Visitors to Paris typically all do the same tour. The Louvre. The Left Bank. The grands boulevards whose intricate stone façades stretch for miles, the perfectly manicured gardens, maybe an overpriced café crème or greasy cassoulet that makes you wonder why French cuisine is supposed to be the best in the world.
But there are plenty of nooks and crannies in Paris–some are hidden, but many are just overshadowed by the cold, calculating majesty of the city’s most recognizable monuments, and the frosty first impression locals give outsiders. Get to know some Parisians, though, and you could have the time of your life. They might take you to an underground hip-hop party in the catacombs or the best new boutique on the rue des Rosiers. You’re likely to find yourself with a verre and a cigarette in hand on some sunny quai-side terrace, followed by a long dinner where fresh baguette and the best cheese are compulsory. If they really know what’s up, you could get a picnic in the Buttes-Chaumont park, a feast of n’dole and jollof rice at a Cameroonian restaurant, or beer and pogo-ing at a hard tekno squat party in the suburbs.
In any case, you don’t need a guide to enjoy the lively streets of Belleville, with durian fruits stacked high in Asian markets and Algerian salons de thé down every side street. And though the nightlife in Paris has long gotten a bad rap–lots of rich clubs with corny music, racist bouncers, and crazy cover charges–a wealth of small, smoky DJ bars provide forward-thinking sounds. An equally good time can be had popping champagne with Karl Lagerfeld’s assistant and the Ed Banger DJs at jetset clubs like the André-owned Le Paris Paris or Hôtel Amour. Parisians don’t really believe in “slumming it” and after you’ve had a taste of the good life, you probably won’t either.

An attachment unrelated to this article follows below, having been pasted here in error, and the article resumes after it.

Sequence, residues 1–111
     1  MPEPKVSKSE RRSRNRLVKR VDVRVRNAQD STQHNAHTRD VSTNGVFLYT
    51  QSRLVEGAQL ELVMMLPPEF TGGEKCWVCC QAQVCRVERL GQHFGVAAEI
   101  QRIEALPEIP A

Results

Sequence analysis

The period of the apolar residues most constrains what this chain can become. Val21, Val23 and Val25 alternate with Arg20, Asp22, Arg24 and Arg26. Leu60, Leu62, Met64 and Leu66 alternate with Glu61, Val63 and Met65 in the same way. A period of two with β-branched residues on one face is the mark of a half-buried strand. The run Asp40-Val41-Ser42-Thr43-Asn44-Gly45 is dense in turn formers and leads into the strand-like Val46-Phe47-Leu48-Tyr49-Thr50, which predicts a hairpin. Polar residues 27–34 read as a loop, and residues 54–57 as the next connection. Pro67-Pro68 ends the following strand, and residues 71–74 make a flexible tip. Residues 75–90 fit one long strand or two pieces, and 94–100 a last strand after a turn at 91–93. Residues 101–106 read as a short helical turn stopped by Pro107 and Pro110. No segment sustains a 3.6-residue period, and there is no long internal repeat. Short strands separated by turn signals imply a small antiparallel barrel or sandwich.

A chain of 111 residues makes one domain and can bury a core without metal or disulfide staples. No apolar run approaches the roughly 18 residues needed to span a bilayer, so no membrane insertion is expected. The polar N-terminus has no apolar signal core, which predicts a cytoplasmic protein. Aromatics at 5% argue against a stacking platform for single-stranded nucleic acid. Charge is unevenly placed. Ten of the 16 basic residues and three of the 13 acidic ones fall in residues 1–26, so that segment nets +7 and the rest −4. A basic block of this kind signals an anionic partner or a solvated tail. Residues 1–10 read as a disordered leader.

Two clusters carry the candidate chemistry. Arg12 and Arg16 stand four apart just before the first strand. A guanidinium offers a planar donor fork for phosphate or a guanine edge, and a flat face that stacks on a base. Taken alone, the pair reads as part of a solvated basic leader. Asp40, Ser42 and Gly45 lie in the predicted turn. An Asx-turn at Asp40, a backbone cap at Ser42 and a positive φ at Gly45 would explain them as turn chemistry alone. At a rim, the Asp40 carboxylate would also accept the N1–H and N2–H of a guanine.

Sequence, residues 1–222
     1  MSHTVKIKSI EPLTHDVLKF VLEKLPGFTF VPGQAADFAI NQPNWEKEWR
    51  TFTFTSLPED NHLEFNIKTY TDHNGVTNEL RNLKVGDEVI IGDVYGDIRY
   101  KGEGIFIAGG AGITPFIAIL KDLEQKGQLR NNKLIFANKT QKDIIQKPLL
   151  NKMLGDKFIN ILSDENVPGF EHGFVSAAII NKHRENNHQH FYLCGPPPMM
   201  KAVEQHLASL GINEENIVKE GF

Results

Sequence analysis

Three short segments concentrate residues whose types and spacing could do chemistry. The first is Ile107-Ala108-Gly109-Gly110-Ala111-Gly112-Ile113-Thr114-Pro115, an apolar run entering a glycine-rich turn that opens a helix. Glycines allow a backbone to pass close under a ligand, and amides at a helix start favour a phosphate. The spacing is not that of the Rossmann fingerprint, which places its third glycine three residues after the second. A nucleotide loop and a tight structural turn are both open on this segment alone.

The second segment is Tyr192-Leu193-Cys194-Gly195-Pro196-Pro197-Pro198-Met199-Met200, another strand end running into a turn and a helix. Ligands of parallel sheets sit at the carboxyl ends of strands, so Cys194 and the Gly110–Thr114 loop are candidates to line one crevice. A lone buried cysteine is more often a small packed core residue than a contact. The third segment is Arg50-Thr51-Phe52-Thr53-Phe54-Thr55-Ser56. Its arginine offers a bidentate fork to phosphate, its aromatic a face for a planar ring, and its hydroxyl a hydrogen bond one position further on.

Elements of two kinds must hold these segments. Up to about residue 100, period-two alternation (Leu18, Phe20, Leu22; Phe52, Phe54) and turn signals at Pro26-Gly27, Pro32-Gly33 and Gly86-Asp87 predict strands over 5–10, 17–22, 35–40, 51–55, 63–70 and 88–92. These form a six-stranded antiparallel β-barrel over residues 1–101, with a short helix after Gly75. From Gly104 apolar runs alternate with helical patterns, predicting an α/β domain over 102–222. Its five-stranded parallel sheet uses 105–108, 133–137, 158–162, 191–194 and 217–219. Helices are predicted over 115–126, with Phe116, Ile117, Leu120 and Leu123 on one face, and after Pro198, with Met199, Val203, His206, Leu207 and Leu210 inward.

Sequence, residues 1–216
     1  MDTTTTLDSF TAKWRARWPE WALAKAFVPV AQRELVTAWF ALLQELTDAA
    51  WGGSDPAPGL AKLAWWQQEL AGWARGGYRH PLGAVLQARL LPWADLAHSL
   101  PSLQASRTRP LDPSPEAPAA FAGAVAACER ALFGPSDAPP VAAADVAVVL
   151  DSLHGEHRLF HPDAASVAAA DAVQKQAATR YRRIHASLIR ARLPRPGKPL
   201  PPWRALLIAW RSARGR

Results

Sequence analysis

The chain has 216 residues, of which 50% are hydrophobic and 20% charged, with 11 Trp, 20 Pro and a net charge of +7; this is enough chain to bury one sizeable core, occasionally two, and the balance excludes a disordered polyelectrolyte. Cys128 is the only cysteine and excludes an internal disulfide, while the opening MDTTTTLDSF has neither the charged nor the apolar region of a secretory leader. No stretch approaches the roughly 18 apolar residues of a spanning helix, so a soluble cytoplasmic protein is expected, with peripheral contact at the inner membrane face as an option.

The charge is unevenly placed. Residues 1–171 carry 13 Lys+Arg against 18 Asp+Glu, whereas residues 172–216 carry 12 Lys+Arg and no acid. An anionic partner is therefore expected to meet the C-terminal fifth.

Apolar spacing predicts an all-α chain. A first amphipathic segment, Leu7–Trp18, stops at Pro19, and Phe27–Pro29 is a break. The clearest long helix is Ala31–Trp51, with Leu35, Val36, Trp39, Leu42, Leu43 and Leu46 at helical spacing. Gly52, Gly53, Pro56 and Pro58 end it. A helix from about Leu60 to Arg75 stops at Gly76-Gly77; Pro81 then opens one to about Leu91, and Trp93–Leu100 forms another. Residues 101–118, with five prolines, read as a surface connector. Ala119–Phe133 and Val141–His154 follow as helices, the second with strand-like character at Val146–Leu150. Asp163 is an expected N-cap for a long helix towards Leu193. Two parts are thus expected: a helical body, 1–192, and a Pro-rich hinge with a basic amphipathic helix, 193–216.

Paris may be dignified at times, but it’s definitely not squeaky clean like Stockholm or Switzerland. There’s centuries of grit baked into the buildings here and not just a little bit of sleaze in the culture, from breast-baring at the Moulin Rouge in sketchy Pigalle to Eyes Wide Shut-style swingers clubs behind mansion doors in the Marais, from loose-lipped American bohemians chasing the ghost of Hemingway to the clipped, nasal tones of elderly French men cursing Arab teenagers to the hisses of gypsy children pick-pocketing Teva-clad tourists on the Champs-Élysées. But this is Paris–even the sleaze is done in style.
The city is full of clichés but Parisians are fine with them–they’re just as easily swayed by the beauty of the Eiffel Tower, the romance of a stroll along the Seine, and a good pick-up line. As if to drive the point home, the subtitle of Respect Is Burning’s sizzling Summer of Love jump-off is “Dis-moi que tu m’aimes”; the catchphrase–taken from one of the most popular French chansons–means “Tell me that you love me” (even if you don’t mean it). We love you, baby.